Cisco has patched a high-severity bug that might allow remote attackers to use maliciously crafted email messages to crash Cisco Secure Email devices.
DNS-based Authentication of Named Entities (DANE), a Cisco AsyncOS Software component used by Cisco Secure Email to examine emails for spam, malware, phishing, and other threats, was determined to have a security weakness (CVE-2022-20653). Rijksoverheid Dienst ICT Uitvoering (DICTU) security researchers discovered and reported an inadequate error handling flaw in DNS name resolution to Cisco.
“An attacker could exploit this vulnerability by sending specially formatted email messages that are processed by an affected device,” Cisco clarified. “A successful exploit could allow the attacker to cause the device to become unreachable from management interfaces or to process additional email messages for a period of time until the device recovers, resulting in a DoS [Denial-of-Service] condition.”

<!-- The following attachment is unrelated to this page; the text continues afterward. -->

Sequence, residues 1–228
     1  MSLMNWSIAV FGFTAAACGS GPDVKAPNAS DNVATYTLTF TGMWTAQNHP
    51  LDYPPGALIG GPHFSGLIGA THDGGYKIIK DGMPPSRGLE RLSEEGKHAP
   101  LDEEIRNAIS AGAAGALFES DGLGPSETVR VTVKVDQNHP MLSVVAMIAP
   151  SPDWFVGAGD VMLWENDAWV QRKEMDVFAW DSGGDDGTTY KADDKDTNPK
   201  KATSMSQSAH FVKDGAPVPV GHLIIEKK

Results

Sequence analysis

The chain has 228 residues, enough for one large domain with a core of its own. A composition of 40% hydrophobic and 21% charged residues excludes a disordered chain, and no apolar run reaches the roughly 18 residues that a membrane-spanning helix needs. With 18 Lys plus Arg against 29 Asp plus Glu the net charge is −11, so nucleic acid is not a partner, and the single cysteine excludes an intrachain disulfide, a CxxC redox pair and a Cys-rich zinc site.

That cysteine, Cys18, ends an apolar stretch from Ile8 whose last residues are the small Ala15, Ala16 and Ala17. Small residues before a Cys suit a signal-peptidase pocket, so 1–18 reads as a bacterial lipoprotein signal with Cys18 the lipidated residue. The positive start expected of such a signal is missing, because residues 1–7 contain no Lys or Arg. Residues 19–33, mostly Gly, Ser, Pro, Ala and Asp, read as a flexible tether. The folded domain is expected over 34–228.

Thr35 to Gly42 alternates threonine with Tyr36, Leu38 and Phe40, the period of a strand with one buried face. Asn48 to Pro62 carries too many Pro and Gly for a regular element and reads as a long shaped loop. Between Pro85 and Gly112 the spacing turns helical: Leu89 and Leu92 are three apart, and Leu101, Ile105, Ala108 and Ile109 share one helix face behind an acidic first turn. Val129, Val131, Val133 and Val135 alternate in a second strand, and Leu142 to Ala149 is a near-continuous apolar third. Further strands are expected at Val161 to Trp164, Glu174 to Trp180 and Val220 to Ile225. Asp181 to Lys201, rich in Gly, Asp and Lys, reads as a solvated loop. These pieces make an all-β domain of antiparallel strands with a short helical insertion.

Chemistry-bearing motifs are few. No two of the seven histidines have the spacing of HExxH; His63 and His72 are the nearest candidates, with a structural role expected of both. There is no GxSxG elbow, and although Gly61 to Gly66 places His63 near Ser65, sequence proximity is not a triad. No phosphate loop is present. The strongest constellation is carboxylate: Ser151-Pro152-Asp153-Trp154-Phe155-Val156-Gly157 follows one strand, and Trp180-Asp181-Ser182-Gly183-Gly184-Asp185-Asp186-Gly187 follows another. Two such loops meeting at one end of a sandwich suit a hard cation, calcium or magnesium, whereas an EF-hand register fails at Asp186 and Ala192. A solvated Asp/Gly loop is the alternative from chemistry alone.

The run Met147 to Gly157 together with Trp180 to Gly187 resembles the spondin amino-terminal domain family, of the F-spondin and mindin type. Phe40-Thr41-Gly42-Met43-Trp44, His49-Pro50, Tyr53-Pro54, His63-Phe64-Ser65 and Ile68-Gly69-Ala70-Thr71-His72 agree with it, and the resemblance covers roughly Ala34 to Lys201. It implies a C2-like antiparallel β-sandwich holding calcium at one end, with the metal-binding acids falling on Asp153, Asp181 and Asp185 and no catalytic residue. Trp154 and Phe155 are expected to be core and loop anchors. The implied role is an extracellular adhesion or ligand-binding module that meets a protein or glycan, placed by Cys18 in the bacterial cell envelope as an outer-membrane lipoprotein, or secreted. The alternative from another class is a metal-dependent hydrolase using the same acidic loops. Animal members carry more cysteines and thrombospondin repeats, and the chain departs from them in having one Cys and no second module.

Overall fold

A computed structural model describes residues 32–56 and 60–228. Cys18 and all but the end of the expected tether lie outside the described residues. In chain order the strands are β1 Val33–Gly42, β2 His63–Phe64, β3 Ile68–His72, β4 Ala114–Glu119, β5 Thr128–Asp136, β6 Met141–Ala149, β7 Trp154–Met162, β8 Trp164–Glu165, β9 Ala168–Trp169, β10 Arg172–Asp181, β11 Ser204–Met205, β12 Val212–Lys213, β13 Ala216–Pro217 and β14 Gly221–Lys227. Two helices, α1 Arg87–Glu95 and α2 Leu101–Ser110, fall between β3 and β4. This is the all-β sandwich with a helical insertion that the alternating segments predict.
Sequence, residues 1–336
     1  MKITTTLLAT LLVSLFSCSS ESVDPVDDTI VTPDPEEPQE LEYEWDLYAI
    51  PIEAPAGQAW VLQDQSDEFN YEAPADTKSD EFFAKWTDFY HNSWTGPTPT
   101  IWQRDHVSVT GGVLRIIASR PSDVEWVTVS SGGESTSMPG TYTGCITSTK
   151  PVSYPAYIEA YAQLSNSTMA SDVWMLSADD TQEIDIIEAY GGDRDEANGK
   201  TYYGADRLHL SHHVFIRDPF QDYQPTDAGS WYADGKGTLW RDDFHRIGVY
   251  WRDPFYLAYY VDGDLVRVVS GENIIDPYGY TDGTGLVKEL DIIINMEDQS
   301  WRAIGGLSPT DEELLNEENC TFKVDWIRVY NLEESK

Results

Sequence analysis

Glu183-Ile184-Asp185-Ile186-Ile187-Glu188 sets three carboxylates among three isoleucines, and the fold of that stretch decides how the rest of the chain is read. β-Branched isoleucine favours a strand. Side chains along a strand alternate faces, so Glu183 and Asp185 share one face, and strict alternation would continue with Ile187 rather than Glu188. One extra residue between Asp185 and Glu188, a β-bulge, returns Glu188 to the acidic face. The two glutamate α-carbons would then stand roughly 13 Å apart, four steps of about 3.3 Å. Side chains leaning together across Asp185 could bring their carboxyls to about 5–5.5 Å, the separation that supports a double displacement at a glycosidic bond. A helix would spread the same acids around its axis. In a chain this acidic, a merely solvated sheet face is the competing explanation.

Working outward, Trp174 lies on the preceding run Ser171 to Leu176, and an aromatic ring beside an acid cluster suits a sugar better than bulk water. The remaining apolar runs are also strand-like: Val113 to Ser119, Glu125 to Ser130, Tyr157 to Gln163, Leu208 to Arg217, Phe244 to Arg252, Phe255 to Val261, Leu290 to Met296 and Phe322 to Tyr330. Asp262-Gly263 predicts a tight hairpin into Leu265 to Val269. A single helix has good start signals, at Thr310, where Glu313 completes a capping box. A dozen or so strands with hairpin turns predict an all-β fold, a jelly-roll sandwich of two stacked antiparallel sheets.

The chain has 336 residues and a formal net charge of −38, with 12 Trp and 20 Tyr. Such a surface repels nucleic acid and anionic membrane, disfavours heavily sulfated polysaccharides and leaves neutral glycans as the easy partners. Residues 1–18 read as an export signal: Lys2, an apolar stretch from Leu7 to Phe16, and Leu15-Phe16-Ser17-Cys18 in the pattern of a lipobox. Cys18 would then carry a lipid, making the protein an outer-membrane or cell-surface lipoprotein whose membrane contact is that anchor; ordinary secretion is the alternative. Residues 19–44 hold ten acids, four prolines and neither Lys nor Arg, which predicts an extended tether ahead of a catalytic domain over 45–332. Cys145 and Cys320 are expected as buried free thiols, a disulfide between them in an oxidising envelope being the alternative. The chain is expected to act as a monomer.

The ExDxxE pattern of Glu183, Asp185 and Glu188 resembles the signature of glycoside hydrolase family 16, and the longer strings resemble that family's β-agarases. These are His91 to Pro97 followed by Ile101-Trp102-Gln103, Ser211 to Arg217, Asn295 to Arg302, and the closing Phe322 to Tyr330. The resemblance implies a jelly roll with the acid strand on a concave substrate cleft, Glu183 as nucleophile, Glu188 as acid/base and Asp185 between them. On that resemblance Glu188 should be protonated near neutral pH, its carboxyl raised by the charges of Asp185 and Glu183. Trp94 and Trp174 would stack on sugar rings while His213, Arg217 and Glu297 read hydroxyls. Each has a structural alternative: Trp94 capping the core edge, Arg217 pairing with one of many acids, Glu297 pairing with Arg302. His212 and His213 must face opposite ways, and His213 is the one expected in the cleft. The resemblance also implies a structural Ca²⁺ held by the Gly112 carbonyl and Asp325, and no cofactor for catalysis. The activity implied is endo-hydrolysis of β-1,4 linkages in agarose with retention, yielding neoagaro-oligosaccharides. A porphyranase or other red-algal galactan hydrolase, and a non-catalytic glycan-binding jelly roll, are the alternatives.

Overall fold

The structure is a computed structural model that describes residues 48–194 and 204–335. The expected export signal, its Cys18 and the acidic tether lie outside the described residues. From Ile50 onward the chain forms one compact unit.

To make matters worse, persistent cyberattacks might render the targeted devices fully unusable, resulting in a permanent DoS state. Before the security advice was released on Wednesday, the company’s Product Security Incident Response Team (PSIRT) stated it had uncovered no indication of hostile exploitation in the wild.
While unauthenticated attackers can exploit the security flaw remotely, Cisco claims that the vulnerable DANE email verification component is disabled by default. Admins may see if DANE is enabled by visiting the Mail Policies > Destination Controls > Add Destination web UI page and verifying that the DANE Support option is enabled.
According to Cisco, CVE-2022-20653 does not affect Cisco’s Web Security Appliance (WSA), Secure Email, Web Manager, or devices without activated DANE capability. The firm also issued a fix that required users to configure bounce messages from Cisco ESA rather than downstream reliant mail servers to prevent exploitation efforts.